In the spring of 2015 we presented two posts about the art of portraiture, Portraits in the Age of Selfies and I’m Not Whom I Seem: Fictitious Portraits. I was thinking about these posts when I read that the Smithsonian’s National Portrait Gallery had just announced the names of the artists who will create official portraits of the Obamas.
In thinking about what these portraits may look like I am reminded of what I wrote about the nature of portraiture:
Why create a portrait in the first place? Is it to leave behind a mark on the world in the form of an image that will outlast one’s life? Is it part of an important historical record? A commemoration? A form of communication? And what does it capture? A real likeness or an essence? A possible persona that differs from reality? Is it a reflection of the person portrayed or of the maker of the image?
When I think of a presidential portrait I imagine an unadventurous painting that does little to reveal the uniqueness of the person portrayed. The importance lies in the stature of the person, not in the quality of the art work itself. Based on the two artists chosen to create portraits of the Obamas I think we may find something different this time.
Kehinde Wiley has been selected to paint President Obama and Amy Sherald will paint First Lady Michelle Obama. Kehinde Wiley is a well-known portraitist, whereas Amy Sherald is a relative newcomer. What they both have in common is that they are African-American artists who investigate ideas of race and power in their work. In addition, both have a highly individualized style of painting that is outside of the forms used in past presidential portraits.
The Obamas were presented with the portfolios of approximately twenty artists who were pre-selected by the curators of the Portrait Gallery. Apparently Wiley had been an early contender but Sherald was added at the last minute after winning the prestigious Outwin Boochever Portrait Competition grand prize put on by the National Portrait Gallery, the first woman to win the prize.
Kehinde Wiley “Officer of the Hussars”
I wrote about Kehinde Wiley in August, 2015 and you can read that post by clicking on the highlighted text. Wiley is known for artworks that recast Old Master paintings, replacing white men of power with young black men from the streets, thus giving them the respect and prestige that society denies. Many works use elaborate patterning that invades the pictorial space and references other cultures and times. He has also painted non-historical works that include female and male figures, all of whom are people of color.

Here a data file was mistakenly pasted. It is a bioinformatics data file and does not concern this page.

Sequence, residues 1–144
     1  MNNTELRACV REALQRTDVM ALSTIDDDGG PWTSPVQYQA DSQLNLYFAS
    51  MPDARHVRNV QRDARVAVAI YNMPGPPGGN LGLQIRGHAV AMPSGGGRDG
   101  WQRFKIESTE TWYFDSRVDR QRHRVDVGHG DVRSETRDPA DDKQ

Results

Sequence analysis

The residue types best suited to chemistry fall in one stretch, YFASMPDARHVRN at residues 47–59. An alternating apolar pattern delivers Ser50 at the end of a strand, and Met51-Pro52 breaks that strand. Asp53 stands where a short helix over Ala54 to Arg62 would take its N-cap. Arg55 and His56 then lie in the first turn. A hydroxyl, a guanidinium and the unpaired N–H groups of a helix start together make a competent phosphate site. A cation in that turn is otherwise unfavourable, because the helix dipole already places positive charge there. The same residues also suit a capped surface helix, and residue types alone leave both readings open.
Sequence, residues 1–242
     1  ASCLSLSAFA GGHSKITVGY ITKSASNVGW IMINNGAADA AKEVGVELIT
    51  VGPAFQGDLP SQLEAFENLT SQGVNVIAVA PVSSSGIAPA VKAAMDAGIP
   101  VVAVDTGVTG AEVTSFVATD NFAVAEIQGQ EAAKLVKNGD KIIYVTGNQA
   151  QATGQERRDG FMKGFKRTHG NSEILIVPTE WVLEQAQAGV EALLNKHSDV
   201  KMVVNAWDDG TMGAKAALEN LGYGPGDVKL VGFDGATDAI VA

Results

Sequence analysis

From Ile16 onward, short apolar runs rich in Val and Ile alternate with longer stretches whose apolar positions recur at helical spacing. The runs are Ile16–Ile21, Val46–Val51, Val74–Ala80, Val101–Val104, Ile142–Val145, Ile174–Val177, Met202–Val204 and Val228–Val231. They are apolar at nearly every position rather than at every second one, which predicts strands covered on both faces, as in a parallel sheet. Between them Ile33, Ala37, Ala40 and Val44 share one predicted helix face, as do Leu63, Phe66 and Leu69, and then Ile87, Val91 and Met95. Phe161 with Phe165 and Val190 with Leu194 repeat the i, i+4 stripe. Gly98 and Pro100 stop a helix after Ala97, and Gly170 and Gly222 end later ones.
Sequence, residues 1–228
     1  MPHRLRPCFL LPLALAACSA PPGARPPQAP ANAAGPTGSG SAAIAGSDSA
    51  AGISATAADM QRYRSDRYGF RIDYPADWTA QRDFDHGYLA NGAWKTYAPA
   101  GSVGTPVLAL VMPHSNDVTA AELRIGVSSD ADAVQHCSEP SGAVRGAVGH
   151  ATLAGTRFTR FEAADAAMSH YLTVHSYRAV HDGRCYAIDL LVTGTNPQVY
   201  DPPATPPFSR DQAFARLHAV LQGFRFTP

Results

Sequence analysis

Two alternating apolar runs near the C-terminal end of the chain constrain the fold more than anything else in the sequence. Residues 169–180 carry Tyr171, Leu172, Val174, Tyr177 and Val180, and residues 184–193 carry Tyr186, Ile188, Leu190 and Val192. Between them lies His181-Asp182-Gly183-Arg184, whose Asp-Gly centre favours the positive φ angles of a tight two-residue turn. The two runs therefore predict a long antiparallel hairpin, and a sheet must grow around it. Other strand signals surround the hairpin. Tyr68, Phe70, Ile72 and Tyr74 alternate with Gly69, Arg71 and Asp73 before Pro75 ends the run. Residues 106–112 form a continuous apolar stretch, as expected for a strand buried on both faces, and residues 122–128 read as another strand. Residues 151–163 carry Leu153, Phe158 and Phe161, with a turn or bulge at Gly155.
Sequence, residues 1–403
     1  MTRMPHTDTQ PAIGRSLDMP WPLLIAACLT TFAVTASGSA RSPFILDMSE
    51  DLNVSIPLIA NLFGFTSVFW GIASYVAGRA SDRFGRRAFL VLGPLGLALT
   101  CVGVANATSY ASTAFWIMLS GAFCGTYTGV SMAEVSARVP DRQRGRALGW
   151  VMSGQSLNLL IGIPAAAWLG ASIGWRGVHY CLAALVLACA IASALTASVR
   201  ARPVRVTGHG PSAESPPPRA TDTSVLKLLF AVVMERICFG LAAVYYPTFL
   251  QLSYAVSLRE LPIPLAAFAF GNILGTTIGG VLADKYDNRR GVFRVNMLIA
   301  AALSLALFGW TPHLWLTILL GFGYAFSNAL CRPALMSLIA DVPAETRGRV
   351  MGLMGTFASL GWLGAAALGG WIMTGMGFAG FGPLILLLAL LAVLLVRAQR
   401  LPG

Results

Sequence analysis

Kehinde Wiley “Shantavi Beale ll”
Receiving the commission to paint President Obama is a dream come true for Wiley. Since 2008, when Obama first became president, Wiley has expressed his interest in making such a portrait. In 2012 he reiterated his interest, admitting that he had already completed several studies and that “The reality of Barack Obama being the president of the United States—quite possibly the most powerful nation in the world—means that the image of power is completely new for an entire generation of not only black American kids, but every population group in this nation.”
Stained Glass – “Saint Ursula and the Virgin Martyrs.” On left is the original created in 1535, on right by Kehinde Wiley
Writing in the New York Times, critic Roberta Smith raises an interesting question about the potential of Wiley’s painting, “Mr. Wiley’s flamboyant portraits of men, in particular, give them a worldly power and often a gravitas that they don’t necessarily possess in real life. That is part of his work’s irreverent, perspective-altering force. It will be fascinating to see if Mr. Wiley rises to the occasion of painting a world leader like former President Obama, who already has a big place in history and plenty of dignity.”
Amy Sherald “Miss Everything (Unsuppressed Deliverance)”
Unlike Wiley’s images of grandeur, Amy Sherald paints African-Americans engaged in everyday activities. Her usual working method is to discover people on the street and invite them be the subject of a painting. She hand-selects their wardrobe, either from clothing she has found or from their own closet. You could say she decides who they will be and how they will be seen.
Amy Sherald “Equilibrium”
Sherald paints the ordinary, and finds grace in simple gestures. Painting Michelle Obama should present an interesting challenge – finding the common humanity seen in her previous artwork, while recognizing the political power and importance of the First Lady. Of Michelle Obama Sherald has said, “She’s an archetype that a lot of women can relate to — no matter shape, size, race or color. We see our best selves in her.”
Amy Sherald “Innocent You, Innocent Me”
Sherald employs a striking painting style that juxtaposes flat areas of vibrant color with gray scale renderings of the subject’s skin. The formal aspects of the work – shape, color, line, texture – are as important as the subject matter. At the same time, according to the critic Roberta Smith, the use of a range of grays for the skin “recalls old photographs but mainly gives the figures a slight remove from the rest of the painting, one that also signals their awareness of the obstacles to their full participation in American life. This simple device introduces the notion of double consciousness, the phrase coined by W.E.B. DuBois to describe the condition of anyone living with social and economic inequality.”
The two portraits by Wiley and Sherald will be completed in early 2018. I eagerly await the unveiling.